• Judges and counsel should ensure that any written documents that will be utilized at trial are accessible to the interpreter in a timely manner. This should be mandatory if the document needs to be formally translated.
  • Courts must recognize that interpreters can be appointed, in an abundance of caution, on an as-needed basis where a party is quite fluent in English but may need the periodic assistance of an interpreter.
  • A judge must never dictate “don’t translate this.” Interpreters are professionally and ethically obligated to interpret all that is said.
  • A bilingual judge should never function as an interpreter during court-related proceedings.
  • Courts should provide, where needed, uniformly approved translated documents such as an Affidavit of Indigency and a Statement in Advance of Plea.
  • New judges should review rules, policies, and case law regarding language services, and LEP individuals and should be aware of various modes of interpretation including simultaneous, consecutive, or sight translation.48

A comprehensive listing of suggestions, as well as helpful checklists, are found in A Judge’s Benchbook on Immigration Law and Related Matters.49


The right to be present at trial includes not only physical attendance “but also comprehension of the proceedings.”50 Courts, counsel, and court interpreters must work together in order to preserve the constitutional rights of LEP persons. Unless these LEP individuals are provided meaningful access to the courts, they may suffer from an unconstitutional deprivation of their rights. Additionally, courts themselves will likely experience diminished integrity and trust.

Judges have an affirmative duty to act as gatekeepers. Judges should educate themselves accordingly in upholding LEP individuals’ constitutional rights. Not only is it good policy, it is the law.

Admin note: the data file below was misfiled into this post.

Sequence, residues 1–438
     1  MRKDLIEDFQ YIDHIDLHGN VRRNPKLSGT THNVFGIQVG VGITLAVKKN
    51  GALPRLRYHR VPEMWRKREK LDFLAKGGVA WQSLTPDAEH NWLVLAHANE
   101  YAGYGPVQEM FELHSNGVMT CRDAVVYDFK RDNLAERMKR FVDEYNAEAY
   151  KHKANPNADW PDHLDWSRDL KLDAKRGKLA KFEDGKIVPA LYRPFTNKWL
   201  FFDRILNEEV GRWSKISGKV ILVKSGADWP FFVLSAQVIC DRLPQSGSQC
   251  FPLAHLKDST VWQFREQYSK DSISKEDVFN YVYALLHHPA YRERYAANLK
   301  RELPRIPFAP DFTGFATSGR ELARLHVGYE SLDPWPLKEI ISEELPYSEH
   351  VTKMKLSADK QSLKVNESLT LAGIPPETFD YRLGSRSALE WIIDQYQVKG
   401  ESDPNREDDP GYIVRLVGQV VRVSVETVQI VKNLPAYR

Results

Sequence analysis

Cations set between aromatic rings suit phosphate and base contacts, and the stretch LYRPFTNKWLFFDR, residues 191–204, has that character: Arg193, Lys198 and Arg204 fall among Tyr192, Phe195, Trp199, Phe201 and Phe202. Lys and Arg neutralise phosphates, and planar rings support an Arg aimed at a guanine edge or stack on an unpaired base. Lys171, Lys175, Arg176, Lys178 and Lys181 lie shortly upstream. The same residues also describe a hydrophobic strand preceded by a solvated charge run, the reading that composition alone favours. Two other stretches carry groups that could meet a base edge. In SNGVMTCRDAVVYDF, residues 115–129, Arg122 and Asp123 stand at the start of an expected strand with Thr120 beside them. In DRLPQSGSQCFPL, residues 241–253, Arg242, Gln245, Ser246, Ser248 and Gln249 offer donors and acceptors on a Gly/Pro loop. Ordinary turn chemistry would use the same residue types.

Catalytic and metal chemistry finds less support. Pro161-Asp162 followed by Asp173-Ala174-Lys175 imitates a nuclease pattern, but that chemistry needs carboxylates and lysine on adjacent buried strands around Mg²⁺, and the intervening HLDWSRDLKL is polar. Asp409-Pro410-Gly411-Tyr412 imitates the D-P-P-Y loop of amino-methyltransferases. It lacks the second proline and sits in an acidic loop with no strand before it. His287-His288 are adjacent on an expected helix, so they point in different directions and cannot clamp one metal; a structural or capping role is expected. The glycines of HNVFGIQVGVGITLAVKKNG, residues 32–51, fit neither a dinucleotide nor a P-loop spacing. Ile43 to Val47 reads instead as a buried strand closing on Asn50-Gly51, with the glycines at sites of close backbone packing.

1. Utah Courts, (last visited Apr. 10, 2017).

2. Department of Justice Guidance to Federal Financial Assistance Recipients Regarding Title VI Prohibition Against National Origin Discrimination Affecting Limited English Proficient Persons, 67 Fed. Reg. 41455, 41457 (June 18, 2002) [hereinafter DOJ Guidance].

3. Language Access in State Courts, U.S. Dep’t of Justice, Civil Rights Div., Fed. Coordination and Compliance Sec., at 2 (Sept. 2016), [hereinafter Language Access].

4. Robert Peck, President of the Ctr. for Constitutional Litig., Experts Speak on Language Access, Nat’l Ctr. for State Courts (2013),

5. Id.

6. DOJ Guidance, supra note 2, at 41459.

7. Language Access, supra note 3, at 7.

8. Id.

9. See, e.g., United States v. Cirrincione, 780 F.2d 620, 634 (7th Cir. 1985) (a defendant in a criminal proceeding is denied due process when the proceeding is incomprehensible to him, the accuracy and scope of the interpretation at a hearing or trial are subject to grave doubt, the nature of the proceeding is not explained to him, or there is a credible claim of incapacity due to misunderstanding from language difficulty and the court fails to review the evidence and make appropriate findings of fact); United States v. Lim, 794 F.2d 469, 470 (9th Cir. 1986); United States ex rel. Negron v. New York, 434 F.2d 386, 389 (2d Cir. 1970) (fluency in English can be so impaired that without an interpreter, it can interfere with the right to confrontation or the capacity of a defendant or the right to understand or respond to questions as a witness); United States v. Mayans, 17 F.3d 1174, 1181 (9th Cir. 1994) (the lack of an interpreter for a defendant while testifying clearly implicates the defendant’s Fifth Amendment right).

10. Chief Judge Eric T. Washington, D.C. Court of Appeals, Experts Speak on Language Access, Nat’l Ctr. for State Courts (2013),